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For the town in Burkina Faso, see Ganta, Burkina Faso.
Queen's Theatre
Queen's Theatre
Ganta is located in Liberia
Location in Liberia
Coordinates: 7°14′15″N 8°58′53″W / 7.23750°N 8.98139°W / 7.23750; -8.98139Coordinates: 7°14′15″N 8°58′53″W / 7.23750°N 8.98139°W / 7.23750; -8.98139
Country Flag of Liberia.svg Liberia
County Nimba County
 • Type City Council
 • Mayor/Mayoress Hon. D. Dorr Cooper
Population (2008)
 • Total 41,106
 • Religions Christian

Ganta, also known as Gompa City, is a town in Nimba County of northern Liberia, lying just south of the Guinea border. It is the second largest city in Liberia, with a population of 41,106 as of 2008.[1] A bustling market town, it contains a prominent white mosque, noted for its decorated minarets of carved stars.[2]


It is connected by highway to Zwedru, some 238 kilometres (148 mi) to the southeast.[3][4] The Mani River passes through the northern part of the town, marking the border between Liberia and Guinea.


Ganta is an emerging city with a population of 41,106 as of 2008.[1] As early as 1983 it was observed by the Foreign Broadcast Information Service that it had the potential to become "one of the most developed and commercial cities in rural Liberia".[5] As of 2007 there are five banks in Ganta with other financial institutions. The city contains Jackie's Guest House, the Alvino Hotel,[2] the Beer Garden, Justina Bar and Restaurant etc. In 2004, some 20 acres of land near Ganta were purchased to build a new college, costing $13,500.[6]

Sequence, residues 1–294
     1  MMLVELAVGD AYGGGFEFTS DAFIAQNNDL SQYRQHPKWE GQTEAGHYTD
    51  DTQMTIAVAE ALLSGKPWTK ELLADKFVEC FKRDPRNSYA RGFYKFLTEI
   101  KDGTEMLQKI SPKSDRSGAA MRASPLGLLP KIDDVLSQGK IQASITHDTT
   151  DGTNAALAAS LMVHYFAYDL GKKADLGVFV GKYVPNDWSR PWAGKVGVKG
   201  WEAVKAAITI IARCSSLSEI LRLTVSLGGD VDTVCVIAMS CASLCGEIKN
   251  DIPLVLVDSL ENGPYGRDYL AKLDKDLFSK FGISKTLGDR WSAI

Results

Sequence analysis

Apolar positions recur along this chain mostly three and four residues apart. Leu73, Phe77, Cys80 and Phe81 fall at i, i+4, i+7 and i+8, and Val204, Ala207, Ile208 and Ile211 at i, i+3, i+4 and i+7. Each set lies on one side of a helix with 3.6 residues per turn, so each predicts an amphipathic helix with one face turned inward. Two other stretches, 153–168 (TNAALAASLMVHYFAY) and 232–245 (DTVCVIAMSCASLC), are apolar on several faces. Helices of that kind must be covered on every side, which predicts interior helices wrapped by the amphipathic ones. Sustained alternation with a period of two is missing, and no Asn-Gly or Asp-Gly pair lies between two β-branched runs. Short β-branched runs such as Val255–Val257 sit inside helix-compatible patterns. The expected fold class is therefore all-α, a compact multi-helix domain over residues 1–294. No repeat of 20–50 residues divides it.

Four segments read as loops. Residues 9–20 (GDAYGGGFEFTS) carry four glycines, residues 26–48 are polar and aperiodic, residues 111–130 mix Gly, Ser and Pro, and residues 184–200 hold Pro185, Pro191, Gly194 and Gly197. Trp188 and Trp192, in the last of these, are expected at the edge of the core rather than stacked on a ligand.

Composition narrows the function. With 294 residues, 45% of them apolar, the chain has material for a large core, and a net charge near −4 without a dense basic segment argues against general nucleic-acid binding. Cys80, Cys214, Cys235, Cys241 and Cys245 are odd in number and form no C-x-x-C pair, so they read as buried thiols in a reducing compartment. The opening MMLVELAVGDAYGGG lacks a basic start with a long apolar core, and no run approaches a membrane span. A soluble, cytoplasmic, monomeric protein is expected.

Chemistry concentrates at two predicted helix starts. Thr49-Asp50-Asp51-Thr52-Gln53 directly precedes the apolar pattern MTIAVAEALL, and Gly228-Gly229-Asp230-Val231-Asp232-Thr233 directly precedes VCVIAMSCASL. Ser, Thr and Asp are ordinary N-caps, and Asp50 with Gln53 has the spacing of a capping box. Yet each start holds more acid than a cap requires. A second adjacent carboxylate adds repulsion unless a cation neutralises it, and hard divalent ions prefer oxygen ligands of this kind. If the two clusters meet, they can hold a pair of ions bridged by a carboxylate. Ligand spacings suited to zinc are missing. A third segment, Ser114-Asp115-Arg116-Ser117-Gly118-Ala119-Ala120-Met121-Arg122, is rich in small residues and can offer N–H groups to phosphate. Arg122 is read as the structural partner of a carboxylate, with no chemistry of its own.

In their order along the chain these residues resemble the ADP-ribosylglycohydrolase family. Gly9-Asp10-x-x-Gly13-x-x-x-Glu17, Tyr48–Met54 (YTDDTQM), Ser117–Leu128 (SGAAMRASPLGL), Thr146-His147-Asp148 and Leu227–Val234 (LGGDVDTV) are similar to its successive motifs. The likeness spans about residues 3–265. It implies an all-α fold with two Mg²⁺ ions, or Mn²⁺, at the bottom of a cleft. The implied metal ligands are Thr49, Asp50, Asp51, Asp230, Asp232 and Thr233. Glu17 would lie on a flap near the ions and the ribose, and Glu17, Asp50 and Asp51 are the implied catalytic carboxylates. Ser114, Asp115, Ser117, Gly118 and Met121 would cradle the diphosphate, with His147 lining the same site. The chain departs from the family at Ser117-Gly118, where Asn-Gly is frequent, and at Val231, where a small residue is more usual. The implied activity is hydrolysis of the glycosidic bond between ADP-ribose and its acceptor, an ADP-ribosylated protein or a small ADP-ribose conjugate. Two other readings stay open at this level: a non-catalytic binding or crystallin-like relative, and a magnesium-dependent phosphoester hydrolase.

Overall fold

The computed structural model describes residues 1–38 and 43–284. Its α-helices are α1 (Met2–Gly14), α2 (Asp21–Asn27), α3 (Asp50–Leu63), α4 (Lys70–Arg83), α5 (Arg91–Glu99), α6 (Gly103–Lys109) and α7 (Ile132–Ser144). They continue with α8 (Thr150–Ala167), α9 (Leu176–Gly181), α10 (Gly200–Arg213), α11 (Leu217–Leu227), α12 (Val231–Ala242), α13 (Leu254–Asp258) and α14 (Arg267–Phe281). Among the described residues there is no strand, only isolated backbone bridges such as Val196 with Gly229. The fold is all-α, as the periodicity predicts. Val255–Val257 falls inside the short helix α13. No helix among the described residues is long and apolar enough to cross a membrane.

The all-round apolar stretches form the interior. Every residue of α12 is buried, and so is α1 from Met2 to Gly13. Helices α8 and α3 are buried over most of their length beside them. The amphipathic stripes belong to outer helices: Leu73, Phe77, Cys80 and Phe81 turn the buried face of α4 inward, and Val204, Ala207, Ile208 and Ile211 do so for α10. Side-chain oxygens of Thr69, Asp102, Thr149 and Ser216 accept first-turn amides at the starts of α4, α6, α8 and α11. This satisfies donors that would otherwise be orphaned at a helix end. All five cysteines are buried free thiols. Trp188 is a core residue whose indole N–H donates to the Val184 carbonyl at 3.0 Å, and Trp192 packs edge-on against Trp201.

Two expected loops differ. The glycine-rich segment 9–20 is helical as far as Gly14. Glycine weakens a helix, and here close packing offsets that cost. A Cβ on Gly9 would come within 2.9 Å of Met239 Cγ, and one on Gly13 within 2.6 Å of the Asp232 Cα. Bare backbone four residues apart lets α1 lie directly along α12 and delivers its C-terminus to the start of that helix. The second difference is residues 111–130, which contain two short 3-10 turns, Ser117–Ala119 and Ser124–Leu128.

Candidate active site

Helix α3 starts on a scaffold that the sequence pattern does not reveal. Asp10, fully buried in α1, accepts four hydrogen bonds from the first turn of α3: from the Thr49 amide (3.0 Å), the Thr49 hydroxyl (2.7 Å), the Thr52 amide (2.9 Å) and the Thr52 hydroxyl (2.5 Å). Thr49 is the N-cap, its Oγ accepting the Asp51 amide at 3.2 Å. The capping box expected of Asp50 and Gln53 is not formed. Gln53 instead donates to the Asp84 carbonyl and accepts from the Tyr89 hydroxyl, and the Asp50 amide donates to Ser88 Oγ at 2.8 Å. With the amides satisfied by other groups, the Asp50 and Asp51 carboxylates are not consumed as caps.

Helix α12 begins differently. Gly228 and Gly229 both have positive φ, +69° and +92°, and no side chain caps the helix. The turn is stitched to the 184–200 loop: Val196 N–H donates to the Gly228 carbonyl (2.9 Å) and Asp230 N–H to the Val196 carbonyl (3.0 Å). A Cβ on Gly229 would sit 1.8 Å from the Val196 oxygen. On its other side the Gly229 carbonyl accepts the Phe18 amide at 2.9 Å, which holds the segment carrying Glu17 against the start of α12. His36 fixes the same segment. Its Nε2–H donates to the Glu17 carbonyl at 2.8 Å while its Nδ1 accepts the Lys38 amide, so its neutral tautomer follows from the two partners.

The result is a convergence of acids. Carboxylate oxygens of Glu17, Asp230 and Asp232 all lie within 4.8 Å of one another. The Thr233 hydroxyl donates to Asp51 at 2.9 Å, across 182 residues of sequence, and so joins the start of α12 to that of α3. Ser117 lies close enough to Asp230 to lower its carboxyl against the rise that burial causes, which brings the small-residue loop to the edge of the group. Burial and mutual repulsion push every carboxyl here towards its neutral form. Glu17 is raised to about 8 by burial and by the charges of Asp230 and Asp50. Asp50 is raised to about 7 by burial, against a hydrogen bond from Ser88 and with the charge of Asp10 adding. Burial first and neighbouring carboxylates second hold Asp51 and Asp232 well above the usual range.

American Methodist missionary and physician George Way Harley began working in Ganta in October 1925, where he established a new hospital, dispensary, church, school, and a number of residences.[7] He found a leper colony there at the time,[7] and established a new Mission in Ganta in 1926.[8] Ganta Hospital serves 450,000 people in Nimba County and surrounding areas. as of 2008 it had 32 beds, with the expectation to grow to 50.[9] In September 2014 it was reported that two female victims of the Ebola virus in Ganta, Dorris Quoi and Ma Kebeh, had been "resurrected".[10]


  1. ^ a b "2008 Liberia National Population and Housing Census" (PDF). Government of Liberia. Retrieved 8 November 2014. 
  2. ^ a b West Africa. Lonely Planet. 2009. p. 469. ISBN 978-1-74104-821-6. 
  3. ^ Africa South of the Sahara 2004. Europa Publications, Psychology Press. 2003. p. 616. ISBN 978-1-85743-183-4. 
  4. ^ Google (8 November 2014). "Ganta" (Map). Google Maps. Google. Retrieved 8 November 2014. 
  5. ^ Sub-Saharan Africa Report. Foreign Broadcast Information Service. 1983. 
  6. ^ Buor, Sei (October 2009). No More War: Rebuilding Liberia Through Faith, Determination and Education. iUniverse. p. 123. ISBN 978-1-4401-5655-7. 
  7. ^ a b Powell, William S. (28 October 1988). Dictionary of North Carolina Biography: Vol. 3, H-K. Univ of North Carolina Press. p. 35. ISBN 978-0-8078-6713-6. 
  8. ^ Seamands, Stephen (8 March 2012). Give Them Christ: Preaching His Incarnation, Crucifixion, Resurrection, Ascension and Return. InterVarsity Press. p. 38. ISBN 978-0-8308-6983-1. 
  9. ^ Megill, Esther L. (2008). Return to Africa: A Journal. AuthorHouse. p. 112. ISBN 978-1-4343-7528-5. 
  10. ^ "Liberia Paper:Two Ebola victims have been resurrected, locals fear they are now ghosts". 25 September 2014. Retrieved 8 November 2014.